Applied DNA Sciences has acquired Spindle Biotech to improve its mRNA manufacturing capabilities and provide a more efficient production platform.
Applied DNA identified the proprietary RNA polymerase (RNAP) that Spindle is commercializing as complementary to its existing LinearDNA platform, leading it to buy the startup for $625,000 in cash and 750,000 of its shares. Spindle stockholders are in line to receive more Applied DNA shares if certain sales milestones are hit and will also receive a share of 10% to 14% of certain revenues for 10 years.
New York-based Applied DNA will integrate its LinearDNA platform and Spindle’s RNAP to make LineaIVT, a platform that it claims will address challenges facing manufacturers of mRNA vaccines and therapies. Currently, production of nucleic acid entails linearization and purification of plasmid DNA and multiple subsequent purification steps. Applied DNA wants to eliminate linearization and some purification to simplify the process.
Applied DNA’s existing LinearDNA platform enzymatically produces a linear form of DNA that it markets as an alternative to plasmid-based DNA. Plasmid production entails the amplification of DNA in cells and multiple rounds of purification. LinearDNA amplifies DNA using the polymerase chain reaction, an approach which Applied DNA claims is faster and eliminates purification steps.
Incorporating Spindle’s RNAP into the workflow is intended to remove additional purification steps. Conventional production of mRNA generates double-stranded RNA (dsRNA) as a byproduct. Manufacturers use filtration and chromatography systems downstream to remove process residuals and reaction byproducts such as dsRNA, an impurity that can trigger innate immune responses.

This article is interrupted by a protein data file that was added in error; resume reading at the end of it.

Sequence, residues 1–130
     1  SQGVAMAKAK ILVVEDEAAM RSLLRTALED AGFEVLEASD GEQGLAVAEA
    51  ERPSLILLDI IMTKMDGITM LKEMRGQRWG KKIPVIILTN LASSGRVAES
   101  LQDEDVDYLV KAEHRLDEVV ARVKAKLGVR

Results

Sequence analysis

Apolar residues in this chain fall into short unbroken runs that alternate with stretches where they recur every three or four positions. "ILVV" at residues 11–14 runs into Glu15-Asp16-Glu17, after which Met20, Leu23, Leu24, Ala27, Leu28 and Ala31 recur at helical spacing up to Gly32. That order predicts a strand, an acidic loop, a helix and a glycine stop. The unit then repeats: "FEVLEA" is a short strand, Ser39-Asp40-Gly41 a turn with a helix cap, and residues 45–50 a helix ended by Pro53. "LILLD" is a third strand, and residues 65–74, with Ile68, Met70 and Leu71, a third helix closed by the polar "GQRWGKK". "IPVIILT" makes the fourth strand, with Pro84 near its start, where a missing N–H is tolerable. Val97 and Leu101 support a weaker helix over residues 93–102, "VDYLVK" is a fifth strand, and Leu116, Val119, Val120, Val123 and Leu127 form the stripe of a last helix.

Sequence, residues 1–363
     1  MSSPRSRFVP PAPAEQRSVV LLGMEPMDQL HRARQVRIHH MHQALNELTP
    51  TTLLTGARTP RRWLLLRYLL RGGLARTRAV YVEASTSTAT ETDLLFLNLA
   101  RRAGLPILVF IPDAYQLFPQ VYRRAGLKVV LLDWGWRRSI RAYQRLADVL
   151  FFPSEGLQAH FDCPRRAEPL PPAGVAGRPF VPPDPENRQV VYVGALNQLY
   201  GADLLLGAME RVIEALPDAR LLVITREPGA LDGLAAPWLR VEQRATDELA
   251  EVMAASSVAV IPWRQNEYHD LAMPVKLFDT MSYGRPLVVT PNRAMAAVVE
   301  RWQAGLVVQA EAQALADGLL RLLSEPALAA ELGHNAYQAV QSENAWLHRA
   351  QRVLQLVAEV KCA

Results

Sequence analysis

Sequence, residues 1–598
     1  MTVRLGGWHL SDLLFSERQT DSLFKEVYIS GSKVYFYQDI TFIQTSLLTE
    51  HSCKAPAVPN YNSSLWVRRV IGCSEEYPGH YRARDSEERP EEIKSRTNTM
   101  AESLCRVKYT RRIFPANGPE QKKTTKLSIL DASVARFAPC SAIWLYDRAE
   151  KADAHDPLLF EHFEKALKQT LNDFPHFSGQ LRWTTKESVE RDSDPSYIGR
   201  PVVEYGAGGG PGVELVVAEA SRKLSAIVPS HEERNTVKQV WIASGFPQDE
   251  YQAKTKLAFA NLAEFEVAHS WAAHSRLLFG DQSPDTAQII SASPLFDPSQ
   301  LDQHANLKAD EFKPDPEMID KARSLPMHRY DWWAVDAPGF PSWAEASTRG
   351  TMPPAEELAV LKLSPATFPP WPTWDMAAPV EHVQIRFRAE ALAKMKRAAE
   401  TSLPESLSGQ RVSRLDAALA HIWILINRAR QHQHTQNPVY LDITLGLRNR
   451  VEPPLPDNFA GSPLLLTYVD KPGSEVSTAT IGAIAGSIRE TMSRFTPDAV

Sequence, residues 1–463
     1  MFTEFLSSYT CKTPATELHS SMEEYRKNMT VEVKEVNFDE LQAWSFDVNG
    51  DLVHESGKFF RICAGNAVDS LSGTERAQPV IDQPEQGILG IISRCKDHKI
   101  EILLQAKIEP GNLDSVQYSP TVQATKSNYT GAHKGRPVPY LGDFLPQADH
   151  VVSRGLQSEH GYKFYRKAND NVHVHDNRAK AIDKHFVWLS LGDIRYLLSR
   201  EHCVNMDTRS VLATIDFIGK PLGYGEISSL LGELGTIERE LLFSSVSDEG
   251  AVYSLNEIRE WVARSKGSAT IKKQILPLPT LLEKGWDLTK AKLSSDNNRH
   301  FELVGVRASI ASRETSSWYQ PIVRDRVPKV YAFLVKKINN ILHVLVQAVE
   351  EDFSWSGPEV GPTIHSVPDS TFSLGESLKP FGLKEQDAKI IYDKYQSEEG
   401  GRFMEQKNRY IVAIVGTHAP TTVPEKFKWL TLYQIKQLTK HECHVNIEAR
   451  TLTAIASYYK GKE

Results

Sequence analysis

According to Applied DNA, Spindle’s RNAP has high binding affinity for chemically modified LinearDNA in vitro transcription (IVT) templates and reduces or eliminates dsRNA contamination. As such, combining Applied DNA’s platform and Spindle’s RNAP could eliminate IVT template linearization and purification steps to create a simplified workflow.
“The issue of dsRNA is currently addressed through additional purification, specialized instrumentation, and cost; however, with the launch of our LineaIVT platform, we seek to solve these manufacturing issues and enable our customers to produce better mRNA faster,” Applied DNA CEO James Hayward said in a statement.
Applied DNA, which has made the platform available under an early access program, claims its workflow can increase target mRNA yields and cut the time to delivery of IVT templates to 14 days for milligram scales. At gram scale, the delivery time is 30 days or more.
The company needs to attract customers to its mRNA business to offset the decline of its COVID-19 test operation. Sales fell 28% in the second quarter but Hayward told investors the company should be able to “absorb a short-term increase in cash burn” as it adapts the business to the post-pandemic market.